james v commissioner talbot v commissioner l.
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James v. Commissioner Talbot v. Commissioner. Ellie Chernecky TX 8020. Citation and Judge. Tax Court of the United States, 1969 53 T.C. 63 Judge Simpson. Facts. James and Talbot agreed to build an apartment complex which followed FHA guidelines

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Presentation Transcript
citation and judge
Citation and Judge
  • Tax Court of the United States, 1969
  • 53 T.C. 63
  • Judge Simpson
facts
Facts
  • James and Talbot agreed to build an apartment complex which followed FHA guidelines
  • James and Talbot agreed to form Chicora Apartments, Inc. to hold title to this project and divide the shares of stock 50-50
  • Talbot donated land with a value of $44,000 in exchange for 10 shares of stock; James also received 10 shares of stock. James agreed to oversee the development of the project and secure the FHA loan through United Mortgagee.
  • Neither James nor Talbot reported any activity of this transfer of property on their tax returns.
issues
Issues
  • Did James’ personal services result in the development of a property right which was transferred to Chicora, Inc. within the meaning of Section 351?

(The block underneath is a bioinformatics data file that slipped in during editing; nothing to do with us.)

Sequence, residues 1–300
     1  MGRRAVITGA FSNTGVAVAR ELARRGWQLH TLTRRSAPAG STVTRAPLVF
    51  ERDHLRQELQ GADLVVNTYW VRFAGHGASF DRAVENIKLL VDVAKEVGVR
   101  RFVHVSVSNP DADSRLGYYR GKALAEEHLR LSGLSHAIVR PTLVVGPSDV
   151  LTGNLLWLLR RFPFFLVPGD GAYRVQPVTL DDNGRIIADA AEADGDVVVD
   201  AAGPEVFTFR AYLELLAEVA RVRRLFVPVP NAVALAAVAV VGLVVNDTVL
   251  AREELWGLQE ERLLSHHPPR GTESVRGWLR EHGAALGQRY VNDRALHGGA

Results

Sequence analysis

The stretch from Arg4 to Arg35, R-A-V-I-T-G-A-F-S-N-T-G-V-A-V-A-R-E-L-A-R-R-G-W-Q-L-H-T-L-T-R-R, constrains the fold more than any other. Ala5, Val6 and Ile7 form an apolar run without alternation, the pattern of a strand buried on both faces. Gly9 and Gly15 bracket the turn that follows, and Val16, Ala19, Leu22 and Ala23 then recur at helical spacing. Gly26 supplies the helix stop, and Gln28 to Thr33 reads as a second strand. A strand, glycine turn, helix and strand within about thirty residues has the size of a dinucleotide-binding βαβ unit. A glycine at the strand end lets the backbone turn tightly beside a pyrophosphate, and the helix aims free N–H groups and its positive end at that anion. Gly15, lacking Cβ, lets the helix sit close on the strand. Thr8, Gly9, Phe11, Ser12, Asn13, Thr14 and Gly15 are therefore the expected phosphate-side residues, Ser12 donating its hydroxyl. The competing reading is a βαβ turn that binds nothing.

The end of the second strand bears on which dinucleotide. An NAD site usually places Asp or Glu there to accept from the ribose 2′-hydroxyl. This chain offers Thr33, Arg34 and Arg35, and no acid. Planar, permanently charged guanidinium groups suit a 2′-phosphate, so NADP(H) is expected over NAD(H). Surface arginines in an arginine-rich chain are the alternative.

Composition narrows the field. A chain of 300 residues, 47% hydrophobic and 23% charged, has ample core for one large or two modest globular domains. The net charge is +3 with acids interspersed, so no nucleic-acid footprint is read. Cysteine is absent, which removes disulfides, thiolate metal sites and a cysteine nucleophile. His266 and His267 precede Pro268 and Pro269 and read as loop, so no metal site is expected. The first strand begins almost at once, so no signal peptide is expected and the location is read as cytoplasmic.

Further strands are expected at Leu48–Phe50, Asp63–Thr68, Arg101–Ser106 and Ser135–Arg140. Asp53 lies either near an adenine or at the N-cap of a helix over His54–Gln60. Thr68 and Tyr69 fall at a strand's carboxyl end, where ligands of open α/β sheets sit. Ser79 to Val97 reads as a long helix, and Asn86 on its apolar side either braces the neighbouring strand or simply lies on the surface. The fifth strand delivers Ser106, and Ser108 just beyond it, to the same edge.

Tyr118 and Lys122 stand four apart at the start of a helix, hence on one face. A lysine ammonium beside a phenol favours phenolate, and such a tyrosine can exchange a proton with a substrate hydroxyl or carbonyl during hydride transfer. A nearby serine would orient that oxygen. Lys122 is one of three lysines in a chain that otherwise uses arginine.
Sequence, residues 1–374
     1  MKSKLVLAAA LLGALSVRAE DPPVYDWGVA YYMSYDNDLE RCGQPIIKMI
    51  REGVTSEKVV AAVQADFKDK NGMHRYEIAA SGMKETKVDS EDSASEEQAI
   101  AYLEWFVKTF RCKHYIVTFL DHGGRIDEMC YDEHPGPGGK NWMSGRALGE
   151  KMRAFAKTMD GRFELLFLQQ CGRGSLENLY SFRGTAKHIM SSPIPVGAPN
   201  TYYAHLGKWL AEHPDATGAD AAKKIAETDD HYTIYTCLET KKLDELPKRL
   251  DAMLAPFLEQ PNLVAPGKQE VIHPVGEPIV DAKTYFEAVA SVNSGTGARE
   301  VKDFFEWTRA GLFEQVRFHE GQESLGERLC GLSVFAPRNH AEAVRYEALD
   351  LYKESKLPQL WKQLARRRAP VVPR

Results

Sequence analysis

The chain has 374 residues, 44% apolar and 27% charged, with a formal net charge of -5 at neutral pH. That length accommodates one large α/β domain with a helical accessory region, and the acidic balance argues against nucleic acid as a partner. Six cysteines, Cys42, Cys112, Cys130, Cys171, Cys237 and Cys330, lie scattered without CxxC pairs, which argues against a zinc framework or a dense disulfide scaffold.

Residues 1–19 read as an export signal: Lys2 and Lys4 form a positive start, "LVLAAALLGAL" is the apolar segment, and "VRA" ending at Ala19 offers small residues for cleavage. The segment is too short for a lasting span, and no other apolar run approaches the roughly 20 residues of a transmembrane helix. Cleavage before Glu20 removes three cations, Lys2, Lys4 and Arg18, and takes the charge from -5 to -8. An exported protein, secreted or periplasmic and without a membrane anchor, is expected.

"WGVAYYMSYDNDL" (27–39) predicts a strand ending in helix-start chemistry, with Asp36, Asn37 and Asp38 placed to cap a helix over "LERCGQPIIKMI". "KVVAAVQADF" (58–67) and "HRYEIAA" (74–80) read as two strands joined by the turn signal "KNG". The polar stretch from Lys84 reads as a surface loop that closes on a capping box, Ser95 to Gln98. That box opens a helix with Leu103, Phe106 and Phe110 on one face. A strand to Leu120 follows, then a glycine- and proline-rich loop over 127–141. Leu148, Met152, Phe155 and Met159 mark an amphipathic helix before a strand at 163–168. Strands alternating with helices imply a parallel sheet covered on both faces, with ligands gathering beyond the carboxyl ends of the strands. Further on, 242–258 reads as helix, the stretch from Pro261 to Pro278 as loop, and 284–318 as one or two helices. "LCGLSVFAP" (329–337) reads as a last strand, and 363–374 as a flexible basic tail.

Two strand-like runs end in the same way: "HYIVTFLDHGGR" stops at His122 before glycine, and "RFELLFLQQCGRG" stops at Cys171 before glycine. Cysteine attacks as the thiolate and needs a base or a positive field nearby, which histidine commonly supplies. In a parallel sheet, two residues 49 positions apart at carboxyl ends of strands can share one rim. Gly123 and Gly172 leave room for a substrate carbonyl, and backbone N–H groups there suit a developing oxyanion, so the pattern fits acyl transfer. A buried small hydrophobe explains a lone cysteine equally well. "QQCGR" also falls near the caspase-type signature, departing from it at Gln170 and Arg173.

• Did the Talbot’s meet the requirements under Section 351 to escape treatment of a long-term capital gain on their tax return?
argument
Argument
  • James argued that his shares of stock were granted due to the transfer of the loan from FHA to Chicora, Inc. This was the “property” he had secured and transferred within the guidelines of Section 351.
  • This argument is further supported by an ascertain of the transfer of patents and secret processes that can be deemed as transfer of property under Section 351.
conclusion james
Conclusion (James)
  • The Court found that although James secured the FHA loan for Chicora, Inc., the commitment of the loan was from the lender (United Mortgagee) to a corporation. No commitment was made to any individual, and James never acquired anything for himself.
  • James received his share of the stock in the corporation in return for the services performed by him and that he did not transfer any property, within the meaning of Section 351, to the corporation. Therefore, his $22,000 is taxable.
conclusion talbot
Conclusion (Talbot)
  • Because the Court held that James did not transfer property to the corporation, this also affected Talbot. According to Section 351 (a), atleast 80% of Chicora’s stock must be owned by those who transferred property. Since James no longer transferred property, Talbot owned only 50% of Chicora and did not pass the 80-percent test. Therefore, Talbot is responsible for a long-term capital gain of $14,675.
citations
Citations
  • Hempt Brothers, Inc. v. U.S., 74-1 USTC ¶9188, 33 AFTR2d 74-570, 490 F.2d 1172 (CA-3, 1974), and Reg. § 1.453-9(c)(2).
  • Rev. Rul. 64-56, 1964-1 C.B. 133; Rev. Rul. 71-564, 1971-2 C.B. 179.
  • §§ 61 and 83.